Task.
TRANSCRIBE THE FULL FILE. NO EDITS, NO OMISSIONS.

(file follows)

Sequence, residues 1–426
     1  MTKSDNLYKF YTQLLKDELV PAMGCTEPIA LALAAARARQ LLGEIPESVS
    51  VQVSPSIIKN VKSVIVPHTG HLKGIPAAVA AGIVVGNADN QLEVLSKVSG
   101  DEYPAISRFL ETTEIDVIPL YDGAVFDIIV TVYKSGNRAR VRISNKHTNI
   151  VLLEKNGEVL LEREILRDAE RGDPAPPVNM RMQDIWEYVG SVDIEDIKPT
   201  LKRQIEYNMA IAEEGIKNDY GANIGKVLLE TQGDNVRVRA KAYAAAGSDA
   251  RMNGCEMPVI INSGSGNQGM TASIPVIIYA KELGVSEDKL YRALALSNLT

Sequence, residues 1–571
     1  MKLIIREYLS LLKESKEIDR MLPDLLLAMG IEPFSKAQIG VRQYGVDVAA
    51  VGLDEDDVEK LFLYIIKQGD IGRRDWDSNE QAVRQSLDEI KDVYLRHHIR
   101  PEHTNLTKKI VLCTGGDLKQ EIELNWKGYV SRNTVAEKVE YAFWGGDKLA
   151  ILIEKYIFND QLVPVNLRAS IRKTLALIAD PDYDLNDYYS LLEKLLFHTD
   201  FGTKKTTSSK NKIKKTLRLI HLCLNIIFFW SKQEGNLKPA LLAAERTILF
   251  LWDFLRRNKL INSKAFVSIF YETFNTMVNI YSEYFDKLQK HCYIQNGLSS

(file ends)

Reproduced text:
Sequence, residues 1–426
     1  MTKSDNLYKF YTQLLKDELV PAMGCTEPIA LALAAARARQ LLGEIPESVS
    51  VQVSPSIIKN VKSVIVPHTG HLKGIPAAVA AGIVVGNADN QLEVLSKVSG
   101  DEYPAISRFL ETTEIDVIPL YDGAVFDIIV TVYKSGNRAR VRISNKHTNI
   151  VLLEKNGEVL LEREILRDAE RGDPAPPVNM RMQDIWEYVG SVDIEDIKPT
   201  LKRQIEYNMA IAEEGIKNDY GANIGKVLLE TQGDNVRVRA KAYAAAGSDA
   251  RMNGCEMPVI INSGSGNQGM TASIPVIIYA KELGVSEDKL YRALALSNLT

Sequence, residues 1–571
     1  MKLIIREYLS LLKESKEIDR MLPDLLLAMG IEPFSKAQIG VRQYGVDVAA
    51  VGLDEDDVEK LFLYIIKQGD IGRRDWDSNE QAVRQSLDEI KDVYLRHHIR
   101  PEHTNLTKKI VLCTGGDLKQ EIELNWKGYV SRNTVAEKVE YAFWGGDKLA
   151  ILIEKYIFND QLVPVNLRAS IRKTLALIAD PDYDLNDYYS LLEKLLFHTD
   201  FGTKKTTSSK NKIKKTLRLI HLCLNIIFFW SKQEGNLKPA LLAAERTILF
   251  LWDFLRRNKL INSKAFVSIF YETFNTMVNI YSEYFDKLQK HCYIQNGLSS